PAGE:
Deconstructing “Fury,” or The Art of the Tank Combat movie

furytank

David Ayer’s new combat film “Fury” is, as I said in my review, a very entertaining B-movie, an old-fashioned WWII actioner of the sort Hollywood used to crank out for the generations that could never seem to get enough of WWII.

It is not “Saving Private Ryan,” though it borrows plot tropes (“keep my men alive”) from that one. It is not “The Big Red One,” with, as my friend Matt Olien likes to say, Brad Pitt in the Lee Marvin (grizzled, gruff star a bit old for the Army) role, though again, lots of plot kernels seem to pop off from that one.

Fun movie, gory, with R-rated violence that seems suggestive of first-person shooter video games. It brought to mind my first-ever chat with Jeff Bridges. He was playing video games on the set of “Tron,” the original film, and his favorite was my favorite, a primitive first-person shooter tank game called “Battlezone.” . The game’s strategies revolved around how slow a tank or its turret turns. Could you get in position to kill the other tank before it gets into position to kill you? That comes into play in one scene in “Fury.”

War movie conventions are something that we and Hollywood just don’t have the handle on the way we used to. I, for instance, was puzzled by the turret, hull shape and profile of the tank named “Fury” in the movie. After digging around, I ID’d it as a Pershing, a late-war American tank introduced because the Sherman tanks commonly deployed by the U.S. were no match for most German tanks.

There are real Shermans in column with Fury in several scenes — shorter cannon, different turrets. They look like this.

ShermanKinda dinky, rounded edges, etc. The tank in the film the studio calls a Sherman M4A3E8 borrowed from a British Museum.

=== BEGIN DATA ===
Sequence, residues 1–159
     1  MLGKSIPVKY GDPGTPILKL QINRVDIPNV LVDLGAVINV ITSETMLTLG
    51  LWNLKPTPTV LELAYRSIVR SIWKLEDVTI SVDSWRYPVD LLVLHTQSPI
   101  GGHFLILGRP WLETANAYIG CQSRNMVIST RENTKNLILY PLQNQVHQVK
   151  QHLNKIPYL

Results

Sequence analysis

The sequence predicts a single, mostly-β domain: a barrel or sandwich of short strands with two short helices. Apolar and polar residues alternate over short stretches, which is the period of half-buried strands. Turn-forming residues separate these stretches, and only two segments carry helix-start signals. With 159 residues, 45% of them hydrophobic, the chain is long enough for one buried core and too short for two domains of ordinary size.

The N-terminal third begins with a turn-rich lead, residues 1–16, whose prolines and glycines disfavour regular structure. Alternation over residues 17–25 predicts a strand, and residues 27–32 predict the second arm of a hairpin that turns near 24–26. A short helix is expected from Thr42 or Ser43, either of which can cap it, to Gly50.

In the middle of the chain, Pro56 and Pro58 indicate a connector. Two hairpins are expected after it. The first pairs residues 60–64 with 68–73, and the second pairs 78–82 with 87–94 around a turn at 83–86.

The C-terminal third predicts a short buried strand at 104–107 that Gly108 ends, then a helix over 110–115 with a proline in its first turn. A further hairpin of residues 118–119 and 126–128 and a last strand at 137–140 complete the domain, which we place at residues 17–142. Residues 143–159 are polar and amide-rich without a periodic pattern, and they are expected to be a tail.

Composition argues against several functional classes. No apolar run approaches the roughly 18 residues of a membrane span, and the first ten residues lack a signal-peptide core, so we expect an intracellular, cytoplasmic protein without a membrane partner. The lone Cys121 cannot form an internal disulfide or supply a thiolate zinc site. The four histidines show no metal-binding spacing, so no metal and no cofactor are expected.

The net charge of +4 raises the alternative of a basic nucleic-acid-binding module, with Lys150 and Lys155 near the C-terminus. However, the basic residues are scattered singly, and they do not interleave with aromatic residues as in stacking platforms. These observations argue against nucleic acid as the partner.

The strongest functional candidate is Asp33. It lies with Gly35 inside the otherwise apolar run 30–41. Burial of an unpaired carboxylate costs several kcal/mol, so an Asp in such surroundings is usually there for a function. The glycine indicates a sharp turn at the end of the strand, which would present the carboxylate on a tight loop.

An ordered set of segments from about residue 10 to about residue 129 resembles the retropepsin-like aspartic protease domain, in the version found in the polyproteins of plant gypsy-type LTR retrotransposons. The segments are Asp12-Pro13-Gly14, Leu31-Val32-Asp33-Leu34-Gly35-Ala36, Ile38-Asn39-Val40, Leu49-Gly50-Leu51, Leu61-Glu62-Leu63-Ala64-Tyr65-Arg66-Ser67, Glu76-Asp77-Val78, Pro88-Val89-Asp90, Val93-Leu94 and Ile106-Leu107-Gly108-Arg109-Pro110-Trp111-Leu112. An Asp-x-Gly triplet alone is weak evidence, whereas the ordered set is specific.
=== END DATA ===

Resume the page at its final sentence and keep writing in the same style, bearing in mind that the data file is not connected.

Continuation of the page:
And even though I visited Danville Va.’s now-closed Tank Museum many times, I defer to their expertise. Still looks a lot more like a Pershing than  a Sherman to me.  I expect, any day now, to be deluged with vets or experts in militaria correcting me. But the WWII generation has mostly died off, and certainly don’t go to war movies any more. I know. I dragged scores of vets to see “Pearl Harbor,” “Flags of Our Fathers” and “Saving Private Ryan” with me for newspaper stories. Their ranks shrank remarkably by the time the Eastwood movie came around.

What about the movie’s military components? The horrors of war are immediate — bloody, brutal, personal combat that makes men so hate their foes that “No prisoners” becomes a grunt-level practice if not official policy. David Ayer gets that stuff right. I have no doubt Germans, especially S.S. troops, were executed in the field. “Fury” is set well after the Battle of the Bulge’s Malmedy Massacre, which, contrary to a blundering Bill O’Reilly tirade a few years back, was carried out by Germans against Americans, not the other way around.

But again, we’re all further removed from that war, so the history grows fuzzier.

Ayer’s crew contends with a mine, at one point. As anybody who has ever watched a WWII movie before can tell you, mines were and are typically laid in “fields,” as in “Where there’s one, there are others.” The crew of the Fury doesn’t seem to know that.

The finale of the film has come under criticism from many critics as laughably far-fetched, a battle against impossible odds.  Agreed. Until you read reports from the ISIS/ISIL combat zone, where armed villages and units of various flags complain they are overmatched because ISIS got its hands on tanks. The guys with the tank win. They’re hard beasts for infantry — lightly armed and ill-equipped (mentally, too, in terms of training) — to kill. Why wouldn’t a tank be able to fend off overwhelming numbers of infantry, at least for a while?

Even at its most militarily suspect, “Fury” never falls to the level of Spike Lee’s laughable “Miracle at St. Anna” or even Tarantino’s “Inglourious Basterds.”

B-movie that it is, “Fury” is the greatest American tank combat movie. I remember Sherman tank battle sequences in “The Battle of the Bulge,” starring Henry Fonda among others, that were pretty good. “The Beast,” about a Soviet tank crew, captured the claustrophobia and fearful limited field of view of such fighting machines.

But the Israeli film “Lebanon” (2009) is still the gold standard. It’s “Das Boot” in a tank, and worth renting if “Fury” has whetted your tanking appetite.